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Mabe v. North Carolina Granite Corp.

North Carolina Court of Appeals
Jul 1, 1972
189 S.E.2d 804 (N.C. Ct. App. 1972)

Opinion

No. 7217IC444

Filed 12 July 1972

1. Master and Servant 94 — workmen's compensation — findings not excepted to Findings of fact by the Industrial Commission which are not the subject of any exception are binding on appeal.

2. Master and Servant 68 — workmen's compensation — silicosis — age and education — total disability Findings by the Industrial Commission that plaintiff, age 61, has a fifth grade education and his occupational abilities extend only to jobs requiring hard labor, and that he is unable to perform hard labor due to shortness of breath resulting from silicosis, held sufficient to support the Commission's conclusion that plaintiff is totally incapacitated because of silicosis to earn, in the same or any other employment, the wages he was earning at the time of his last injurious exposure, notwithstanding the advisory medical committee rated plaintiff as 40% disabled.

3. Master and Servant 68 — workmen's compensation — disability from silicosis In determining an employee's disability from silicosis, the question is what effect has the disease had upon the earning capacity of that particular employee, not what effect a like physical impairment would have upon an employee of average age and intelligence.

4. Master and Servant 68 — workmen's compensation — industrial disease — age and education If an industrial disease renders an employee actually incapacitated to earn any wages, the employer may not ask that a portion of the disability be charged to the employee's advanced age and poor education on the ground that if it were not for such factors he might still retain some earning capacity.

APPEAL by defendant from order of Industrial Commission, filed 15 February 1972.

Hiatt and Hiatt by David L. Hiatt for plaintiff appellee.

Gardner and Gardner by John C. W. Gardner for defendant appellant.


Plaintiff worked as a stone cutter for defendant for a period of 30 to 35 years. He quit his job in 1968 and subsequently filed claim against defendant for disability caused by silicosis. Defendant voluntarily paid compensation as provided by G.S. 97-61.5 for a period of 104 weeks. In October of 1971 the matter came on for hearing before Deputy Commissioner Roney for purposes of determining, as required by G.S. 97-61.6, "what compensation, if any, the employee is entitled to receive in addition to the 104 weeks already received."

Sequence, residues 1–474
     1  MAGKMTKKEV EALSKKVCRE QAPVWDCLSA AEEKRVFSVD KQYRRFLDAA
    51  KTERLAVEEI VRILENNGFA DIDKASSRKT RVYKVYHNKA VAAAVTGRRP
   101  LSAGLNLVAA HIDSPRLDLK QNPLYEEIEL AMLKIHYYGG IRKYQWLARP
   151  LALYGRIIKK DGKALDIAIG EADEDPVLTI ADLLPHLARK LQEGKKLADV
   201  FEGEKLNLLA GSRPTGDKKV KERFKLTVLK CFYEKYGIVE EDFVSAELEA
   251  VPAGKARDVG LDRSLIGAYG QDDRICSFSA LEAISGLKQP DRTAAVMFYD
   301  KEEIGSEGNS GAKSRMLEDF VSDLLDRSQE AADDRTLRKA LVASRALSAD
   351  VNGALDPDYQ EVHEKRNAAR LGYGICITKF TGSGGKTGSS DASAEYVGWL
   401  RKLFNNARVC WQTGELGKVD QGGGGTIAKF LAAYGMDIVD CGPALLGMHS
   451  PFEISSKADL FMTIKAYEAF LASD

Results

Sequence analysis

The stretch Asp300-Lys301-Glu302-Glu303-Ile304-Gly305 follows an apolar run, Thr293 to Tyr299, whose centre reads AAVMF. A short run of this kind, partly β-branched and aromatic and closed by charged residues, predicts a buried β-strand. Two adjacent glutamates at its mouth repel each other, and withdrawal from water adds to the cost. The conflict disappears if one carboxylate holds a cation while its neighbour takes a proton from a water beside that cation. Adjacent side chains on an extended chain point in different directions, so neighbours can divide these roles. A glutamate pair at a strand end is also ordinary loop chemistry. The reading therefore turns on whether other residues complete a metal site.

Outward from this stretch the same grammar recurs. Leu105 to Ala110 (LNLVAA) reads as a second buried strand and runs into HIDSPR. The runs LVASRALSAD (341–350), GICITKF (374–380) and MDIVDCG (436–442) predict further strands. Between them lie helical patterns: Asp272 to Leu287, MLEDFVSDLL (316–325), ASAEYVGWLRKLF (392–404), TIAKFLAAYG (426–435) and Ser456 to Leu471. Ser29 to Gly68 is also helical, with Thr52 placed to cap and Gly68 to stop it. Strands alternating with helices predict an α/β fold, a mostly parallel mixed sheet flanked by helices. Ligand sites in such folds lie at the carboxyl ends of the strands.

The only evidence offered at the hearing was testimony of plaintiff and a report from the advisory medical committee. The report, filed 3 August 1971, indicates that pursuant to G.S. 97-61.4, plaintiff was examined by the committee for the third and final time and in the opinion of the committee "he is 40% disabled from employment in his previous or any other occupation."

Plaintiff's testimony tends to show that he has not held regular employment since 1968 because, due to a shortness of breath and a lack of strength, he can no longer perform hard labor. Plaintiff has only a fifth grade education. He can read a little but "can't write much." He stated: "I have no education and don't know nothing but hard labor and I can't get a job like that."

Commissioner Roney entered an order finding facts and concluding that plaintiff is totally incapacitated for work because of silicosis. Based upon this conclusion, plaintiff was awarded total disability benefits as provided by G.S. 97-61.6. The Full Commission affirmed Mr. Roney's order and defendant appealed.


Defendant does not dispute the fact plaintiff suffers some disability from silicosis contracted while exposed to silica during his employment by defendant. It says, however, that plaintiff is only partially incapacitated by his condition, and that the Commission erred in finding his disability to be total.

The term "disablement" as applied to cases of asbestosis and silicosis, "means the event of becoming actually incapacitated because of asbestosis or silicosis to earn, in the same or any other employment, the wages which the employee was receiving at the time of his last injurious exposure. . . ." G.S. 97-54.